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Responses of the seed-feeding beetle Acanthoscelides macrophthalmus and its recruited parasitoids to resource availability – Implications for the biological control of Leucaena leucocephala in South Africa
- Sharratt, Morag, Olckers, Terence
- Biological control 2019 v.135 pp. 102-109
- Acanthoscelides, Chrysomelidae, Leucaena leucocephala, agroforestry, biological control, insects, larvae, parasitism, parasitoids, phenology, pods, pupae, seed damage, seeds, species recruitment, subtropics, Central America, South Africa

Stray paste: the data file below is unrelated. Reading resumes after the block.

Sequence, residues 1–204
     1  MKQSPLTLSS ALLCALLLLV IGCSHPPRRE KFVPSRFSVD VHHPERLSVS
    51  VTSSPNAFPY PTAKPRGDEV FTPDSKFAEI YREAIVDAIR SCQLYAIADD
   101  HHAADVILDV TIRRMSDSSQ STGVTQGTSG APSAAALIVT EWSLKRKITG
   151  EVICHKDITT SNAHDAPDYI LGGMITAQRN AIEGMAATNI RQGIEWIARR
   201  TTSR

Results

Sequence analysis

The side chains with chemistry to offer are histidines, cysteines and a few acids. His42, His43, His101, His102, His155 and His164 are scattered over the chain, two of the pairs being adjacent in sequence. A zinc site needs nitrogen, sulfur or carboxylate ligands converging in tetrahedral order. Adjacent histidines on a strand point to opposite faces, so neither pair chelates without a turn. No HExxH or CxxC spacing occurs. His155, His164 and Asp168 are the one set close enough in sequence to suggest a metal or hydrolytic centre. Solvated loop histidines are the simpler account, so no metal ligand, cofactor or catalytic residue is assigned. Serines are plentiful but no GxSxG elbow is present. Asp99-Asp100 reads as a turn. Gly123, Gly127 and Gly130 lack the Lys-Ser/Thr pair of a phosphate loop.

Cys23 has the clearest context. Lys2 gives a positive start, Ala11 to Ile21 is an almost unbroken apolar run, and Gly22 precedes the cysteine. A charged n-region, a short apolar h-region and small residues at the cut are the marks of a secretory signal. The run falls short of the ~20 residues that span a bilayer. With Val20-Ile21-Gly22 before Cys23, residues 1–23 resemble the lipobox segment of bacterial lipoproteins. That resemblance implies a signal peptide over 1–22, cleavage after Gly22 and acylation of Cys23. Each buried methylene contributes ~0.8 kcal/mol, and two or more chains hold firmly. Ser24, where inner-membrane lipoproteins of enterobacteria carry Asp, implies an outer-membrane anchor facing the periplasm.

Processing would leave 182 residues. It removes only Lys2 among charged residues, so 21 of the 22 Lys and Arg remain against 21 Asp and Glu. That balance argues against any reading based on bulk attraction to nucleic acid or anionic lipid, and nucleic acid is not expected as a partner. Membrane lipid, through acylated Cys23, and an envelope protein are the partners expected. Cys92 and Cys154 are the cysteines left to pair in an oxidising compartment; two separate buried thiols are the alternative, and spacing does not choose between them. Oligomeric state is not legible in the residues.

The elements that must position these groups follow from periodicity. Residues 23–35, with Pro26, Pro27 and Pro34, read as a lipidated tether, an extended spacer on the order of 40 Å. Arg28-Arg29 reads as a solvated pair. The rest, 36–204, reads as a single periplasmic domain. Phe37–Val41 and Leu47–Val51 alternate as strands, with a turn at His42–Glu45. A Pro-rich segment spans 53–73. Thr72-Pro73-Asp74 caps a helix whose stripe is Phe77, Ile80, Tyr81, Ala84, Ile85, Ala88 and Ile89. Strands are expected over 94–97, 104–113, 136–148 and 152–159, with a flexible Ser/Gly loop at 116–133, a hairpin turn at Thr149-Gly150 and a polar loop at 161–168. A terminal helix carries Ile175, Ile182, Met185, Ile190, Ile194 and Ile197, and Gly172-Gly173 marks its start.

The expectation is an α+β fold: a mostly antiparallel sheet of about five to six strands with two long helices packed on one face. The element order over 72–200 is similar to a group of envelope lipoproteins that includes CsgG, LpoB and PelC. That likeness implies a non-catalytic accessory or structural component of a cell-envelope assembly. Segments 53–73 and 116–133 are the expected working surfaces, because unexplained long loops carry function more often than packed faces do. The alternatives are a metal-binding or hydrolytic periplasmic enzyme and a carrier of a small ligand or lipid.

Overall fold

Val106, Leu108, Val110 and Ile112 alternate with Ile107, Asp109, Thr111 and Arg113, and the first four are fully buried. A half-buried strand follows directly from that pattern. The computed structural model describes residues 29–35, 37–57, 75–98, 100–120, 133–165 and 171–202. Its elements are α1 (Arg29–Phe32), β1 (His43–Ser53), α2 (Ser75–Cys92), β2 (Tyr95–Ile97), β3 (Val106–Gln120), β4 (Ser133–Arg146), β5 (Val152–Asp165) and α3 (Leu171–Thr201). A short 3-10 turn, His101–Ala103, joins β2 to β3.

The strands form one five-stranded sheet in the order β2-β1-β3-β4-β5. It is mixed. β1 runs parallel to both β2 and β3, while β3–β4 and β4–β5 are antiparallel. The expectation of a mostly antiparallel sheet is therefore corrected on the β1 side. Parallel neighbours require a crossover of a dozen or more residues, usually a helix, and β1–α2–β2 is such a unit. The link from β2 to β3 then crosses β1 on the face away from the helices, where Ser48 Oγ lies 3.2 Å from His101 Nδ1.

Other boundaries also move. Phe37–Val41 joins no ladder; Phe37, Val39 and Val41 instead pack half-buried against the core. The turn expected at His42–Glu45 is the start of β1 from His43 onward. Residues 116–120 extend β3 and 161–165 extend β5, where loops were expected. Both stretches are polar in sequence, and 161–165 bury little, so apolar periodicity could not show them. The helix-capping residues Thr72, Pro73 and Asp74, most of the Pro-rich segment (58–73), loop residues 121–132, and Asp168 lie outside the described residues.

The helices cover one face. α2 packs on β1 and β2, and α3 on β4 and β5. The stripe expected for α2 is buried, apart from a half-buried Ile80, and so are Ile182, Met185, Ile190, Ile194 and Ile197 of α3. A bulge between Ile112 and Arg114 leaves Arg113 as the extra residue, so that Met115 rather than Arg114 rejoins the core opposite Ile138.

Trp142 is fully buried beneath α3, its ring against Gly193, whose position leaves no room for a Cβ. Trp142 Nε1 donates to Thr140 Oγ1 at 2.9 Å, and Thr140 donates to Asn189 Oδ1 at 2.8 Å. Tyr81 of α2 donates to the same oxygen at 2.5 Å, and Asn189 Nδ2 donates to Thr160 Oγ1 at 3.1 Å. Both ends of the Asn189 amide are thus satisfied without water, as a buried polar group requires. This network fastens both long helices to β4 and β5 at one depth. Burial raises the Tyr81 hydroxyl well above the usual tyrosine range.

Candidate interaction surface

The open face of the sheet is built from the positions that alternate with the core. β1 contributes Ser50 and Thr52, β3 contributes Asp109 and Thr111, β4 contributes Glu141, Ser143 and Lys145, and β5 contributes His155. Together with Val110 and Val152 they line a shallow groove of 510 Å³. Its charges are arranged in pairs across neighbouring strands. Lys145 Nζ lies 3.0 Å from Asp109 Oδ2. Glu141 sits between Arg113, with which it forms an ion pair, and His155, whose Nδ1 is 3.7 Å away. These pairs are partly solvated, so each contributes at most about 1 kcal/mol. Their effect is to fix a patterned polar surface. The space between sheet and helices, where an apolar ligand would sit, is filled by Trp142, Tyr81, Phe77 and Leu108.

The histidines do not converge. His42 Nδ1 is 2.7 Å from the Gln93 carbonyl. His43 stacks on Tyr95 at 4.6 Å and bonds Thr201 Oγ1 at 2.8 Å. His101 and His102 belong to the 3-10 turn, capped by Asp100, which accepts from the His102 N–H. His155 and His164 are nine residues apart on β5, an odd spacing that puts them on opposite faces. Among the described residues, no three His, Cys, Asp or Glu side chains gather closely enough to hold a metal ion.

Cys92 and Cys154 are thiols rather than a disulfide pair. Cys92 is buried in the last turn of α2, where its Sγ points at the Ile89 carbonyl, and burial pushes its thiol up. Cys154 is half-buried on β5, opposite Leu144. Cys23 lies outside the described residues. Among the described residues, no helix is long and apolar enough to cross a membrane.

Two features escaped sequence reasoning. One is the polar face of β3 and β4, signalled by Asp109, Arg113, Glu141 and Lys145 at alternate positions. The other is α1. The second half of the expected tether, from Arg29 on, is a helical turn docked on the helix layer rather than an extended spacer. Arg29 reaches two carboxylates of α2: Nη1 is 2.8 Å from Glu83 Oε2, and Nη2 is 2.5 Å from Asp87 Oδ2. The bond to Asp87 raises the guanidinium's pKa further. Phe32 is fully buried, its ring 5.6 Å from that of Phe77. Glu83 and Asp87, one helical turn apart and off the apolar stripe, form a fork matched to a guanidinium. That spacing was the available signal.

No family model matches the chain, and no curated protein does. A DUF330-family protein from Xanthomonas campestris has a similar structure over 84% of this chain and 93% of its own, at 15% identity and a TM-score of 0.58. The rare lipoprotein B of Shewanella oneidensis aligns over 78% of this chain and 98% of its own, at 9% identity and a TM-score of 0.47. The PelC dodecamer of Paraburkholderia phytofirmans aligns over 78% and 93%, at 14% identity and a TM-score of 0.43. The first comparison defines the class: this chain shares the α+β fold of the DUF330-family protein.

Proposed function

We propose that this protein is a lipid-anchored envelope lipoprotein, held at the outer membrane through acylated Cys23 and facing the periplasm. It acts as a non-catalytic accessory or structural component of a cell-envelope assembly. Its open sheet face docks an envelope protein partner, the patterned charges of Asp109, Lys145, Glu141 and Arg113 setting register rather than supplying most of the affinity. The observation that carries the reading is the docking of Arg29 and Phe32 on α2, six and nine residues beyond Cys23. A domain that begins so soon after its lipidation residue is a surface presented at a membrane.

- Introduced from Central America for agroforestry, Leucaena leucocephala (Lam.) De Wit (Fabaceae) has become invasive in several tropical and subtropical regions worldwide. The seed beetle Acanthoscelides macrophthalmus (Schaeffer) (Coleoptera: Chrysomelidae: Bruchinae) was released in South Africa in 1999 to curb the plant’s high seed production. Monthly sampling was conducted during 2011/2012 at four sites in KwaZulu-Natal Province to determine the reproductive phenology of L. leucocephala populations, the levels of seed damage inflicted by A. macrophthalmus, and the extent to which the beetle has recruited native parasitoids. There were typically two podding cycles annually, with variations in peak pod production between sites and periods of very low seed availability. The levels of pre-dispersal seed damage on canopy-held pods were erratic, fluctuating greatly between months and sites, and seldom exceeding 50%. Levels of post-dispersal damage on soil-surface seeds were substantially lower, seldom exceeding 5%. Parasitism of the larval/pupal stages of A. macrophthalmus also varied between months and sites, reaching a maximum of 45%. There was a moderate but significant negative correlation between percentage seed damage and seed availability, indicating higher damage during periods of seed scarcity. In contrast, there was no significant correlation between percentage parasitism and seed infestation by A. macrophthalmus. These trends suggest that neither A. macrophthalmus nor its recruited parasitoids are tracking resource availability, ensuring a negligible impact on seedling recruitment. Additional seed-reducing agents, particularly insects that exploit green pods, are required to regulate L. leucocephala populations in South Africa.